Seizure is one of the recently recognized adverse effects of regadenoson with increasing incidence. As of June 2018, a total of 148 cases of seizures and 10 cases of seizure-like phenomena were reported to the US Food and Drug Administration as adverse effects of regadenoson. Of note, the population size exposed to regadenoson, as well as the average time from injection to seizure onset, and past history of seizures or strokes in those patients have not been reported to the FDA [4]. A2a receptors are widely distributed in the CNS including the cerebral cortex, striatum, nucleus accumbens, and hippocampus [6]. Adenosine, specifically, through A2a receptors plays a role in glutamate outflow tracts and thus is involved in excitatory neurotransmission between neurons [7]. Several animal models, specifically rodents, have been studied regarding the role of A2a receptors in neuronal interaction, as well as the clinical application of adenosine receptor antagonists in treatment of seizures. One study investigated the consequences of deleting the A2a receptor in mice by comparing the incidence of electroshock-induced seizures in A2a-knockout mice versus controls [8]. Results showed that A2a-knockout mice demonstrated lower percentage as well as intensity of seizures than controls [8]. In another study, bilateral striata of rats were lesioned using the excitotoxin quinolinic acid, and this was followed by the administration of SCH 58261 (potent A2a receptor antagonist) [7]. Those who received SCH 58261 showed significantly lower motor, electroencephalographic, and neuropathologic changes secondary to excitotoxin [7]. Despite such findings, the clinical application of adenosine receptor antagonists in the treatment of epilepsy is still under investigation.

Regarding the pharmacokinetics of regadenoson, the elimination half-life follows a 3-compartment model [9]. The half-life of the initial phase is approximately 1-4 minutes, followed by an intermediate phase which has a half-life up to 30 minutes [9]. The final and terminal phase has a half-life lasting up to 2 hours [9, 10]. Most adverse effects begin soon after regadenoson administration and resolve usually within 15 minutes; though of those reported, the majority involves bronchospasm and cardiac conduction blocks [11]. Moreover, a case series by Page et al. demonstrated 3 cases of regadenoson-induced seizures that developed within 2-5 minutes of administration [12]. Two cases had a prior medical history of seizures and were receiving antiepileptic drugs, while one had no prior seizure history which however displayed hemodynamic instability prior to seizure onset [12]. On the other hand, it has been reported that seizure onset following regadenoson administration may be delayed as well, but no specific time onset was defined [13, 14]. For such reasons, aminophylline, a nonselective adenosine receptor antagonist, has been used to prevent delayed adverse effects, especially in patients at higher risk, such as a prior history of seizures [14]. Although it potentially antagonizes adenosine receptors, aminophylline is not a good option for reversal of regadenoson-induced seizures, as it may be sometimes ineffective in such setting and may even lower seizure threshold further and thus provoke seizures [12].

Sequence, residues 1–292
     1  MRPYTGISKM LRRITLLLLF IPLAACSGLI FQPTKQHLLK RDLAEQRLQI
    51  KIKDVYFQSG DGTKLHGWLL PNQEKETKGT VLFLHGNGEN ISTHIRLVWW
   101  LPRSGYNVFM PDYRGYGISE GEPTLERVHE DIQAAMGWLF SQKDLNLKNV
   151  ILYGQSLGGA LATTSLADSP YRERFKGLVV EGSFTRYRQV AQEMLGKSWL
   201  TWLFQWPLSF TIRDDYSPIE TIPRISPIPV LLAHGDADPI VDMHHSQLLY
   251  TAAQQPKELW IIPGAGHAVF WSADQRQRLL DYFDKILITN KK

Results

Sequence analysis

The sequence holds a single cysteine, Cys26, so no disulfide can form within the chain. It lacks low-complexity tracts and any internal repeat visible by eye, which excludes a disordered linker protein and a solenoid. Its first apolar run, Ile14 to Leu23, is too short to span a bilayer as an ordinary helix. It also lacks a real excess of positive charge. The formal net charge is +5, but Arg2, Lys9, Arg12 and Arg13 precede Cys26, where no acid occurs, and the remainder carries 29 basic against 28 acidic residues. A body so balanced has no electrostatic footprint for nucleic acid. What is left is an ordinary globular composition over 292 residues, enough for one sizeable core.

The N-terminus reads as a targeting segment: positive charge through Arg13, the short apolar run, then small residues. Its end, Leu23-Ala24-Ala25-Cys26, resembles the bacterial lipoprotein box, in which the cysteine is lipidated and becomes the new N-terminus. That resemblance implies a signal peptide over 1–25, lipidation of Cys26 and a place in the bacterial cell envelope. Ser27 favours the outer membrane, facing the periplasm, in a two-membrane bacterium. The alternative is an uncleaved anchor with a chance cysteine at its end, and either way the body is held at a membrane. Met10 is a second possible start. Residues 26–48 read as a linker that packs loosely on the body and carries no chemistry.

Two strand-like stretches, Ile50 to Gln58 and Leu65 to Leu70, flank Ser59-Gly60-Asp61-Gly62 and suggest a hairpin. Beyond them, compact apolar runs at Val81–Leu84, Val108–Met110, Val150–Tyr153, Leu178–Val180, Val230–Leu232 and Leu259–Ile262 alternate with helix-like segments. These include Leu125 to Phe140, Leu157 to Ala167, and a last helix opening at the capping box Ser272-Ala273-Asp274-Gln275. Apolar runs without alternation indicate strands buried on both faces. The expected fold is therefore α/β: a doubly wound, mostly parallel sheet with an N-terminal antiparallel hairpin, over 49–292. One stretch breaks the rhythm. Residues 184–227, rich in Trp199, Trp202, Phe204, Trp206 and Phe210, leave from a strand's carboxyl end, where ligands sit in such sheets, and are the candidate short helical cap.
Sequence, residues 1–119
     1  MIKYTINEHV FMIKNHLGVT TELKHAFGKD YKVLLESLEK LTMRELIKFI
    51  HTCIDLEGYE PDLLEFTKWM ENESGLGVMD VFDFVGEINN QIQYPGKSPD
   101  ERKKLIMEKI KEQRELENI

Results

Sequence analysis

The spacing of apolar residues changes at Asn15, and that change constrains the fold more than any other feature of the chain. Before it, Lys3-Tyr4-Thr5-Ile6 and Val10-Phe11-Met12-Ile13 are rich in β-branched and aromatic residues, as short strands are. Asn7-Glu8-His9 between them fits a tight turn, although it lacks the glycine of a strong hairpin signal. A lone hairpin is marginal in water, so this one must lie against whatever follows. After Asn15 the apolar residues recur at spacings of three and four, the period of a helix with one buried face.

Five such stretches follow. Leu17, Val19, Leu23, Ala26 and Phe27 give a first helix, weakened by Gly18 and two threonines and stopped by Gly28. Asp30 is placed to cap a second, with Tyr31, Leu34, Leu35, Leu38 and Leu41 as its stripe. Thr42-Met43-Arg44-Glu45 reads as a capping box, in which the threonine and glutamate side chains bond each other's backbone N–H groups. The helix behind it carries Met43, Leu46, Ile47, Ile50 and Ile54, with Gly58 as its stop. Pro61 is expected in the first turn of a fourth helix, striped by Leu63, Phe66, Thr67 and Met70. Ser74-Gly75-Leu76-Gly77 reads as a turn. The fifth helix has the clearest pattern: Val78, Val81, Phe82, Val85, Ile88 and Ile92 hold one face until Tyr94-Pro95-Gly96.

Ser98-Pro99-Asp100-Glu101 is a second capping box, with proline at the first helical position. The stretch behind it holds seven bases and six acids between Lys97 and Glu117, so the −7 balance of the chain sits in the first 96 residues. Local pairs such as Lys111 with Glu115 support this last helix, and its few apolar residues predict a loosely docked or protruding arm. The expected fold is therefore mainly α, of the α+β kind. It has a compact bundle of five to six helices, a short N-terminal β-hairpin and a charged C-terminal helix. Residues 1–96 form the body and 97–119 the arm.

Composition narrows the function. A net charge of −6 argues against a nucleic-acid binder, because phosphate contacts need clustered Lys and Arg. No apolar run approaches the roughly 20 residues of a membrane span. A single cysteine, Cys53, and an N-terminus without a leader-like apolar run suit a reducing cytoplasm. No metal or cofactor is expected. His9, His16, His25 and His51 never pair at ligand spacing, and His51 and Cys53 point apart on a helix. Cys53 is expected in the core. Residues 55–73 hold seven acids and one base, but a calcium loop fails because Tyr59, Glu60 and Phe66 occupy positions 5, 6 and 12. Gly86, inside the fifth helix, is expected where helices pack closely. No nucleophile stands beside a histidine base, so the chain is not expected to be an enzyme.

While the exact incidence of regadenoson-induced seizures is unknown, more cases are being reported as discussed above. We believe that the seizure in our patient may have been provoked by regadenoson, since other organic and structural causes were ruled out. The American Society of Nuclear Cardiology (ASNC) recommends avoiding regadenoson in patients with a medical history of seizures and structural brain disease and lists it as a relative contraindication to this medication [15]. We believe that our case adds to the available literature describing this uncommon but potentially severe adverse effect of regadenoson. It also advocates for increased physician awareness in screening patients at risk and providing prompt detection and appropriate management. It is also imperative to remember that aminophylline should be used with caution in reversal of regadenoson-induced seizure as indicated above. Additionally, nuclear medicine physicians and technicians need to be aware of such adverse events, and appropriate acute seizure termination measures should be always easily accessible.

Conflicts of Interest

The authors declare that they have no conflicts of interest.

Authors’ Contributions

This case report was written by SSR and OGS. Both doctors were involved in the diagnosis and treatment of the said patient.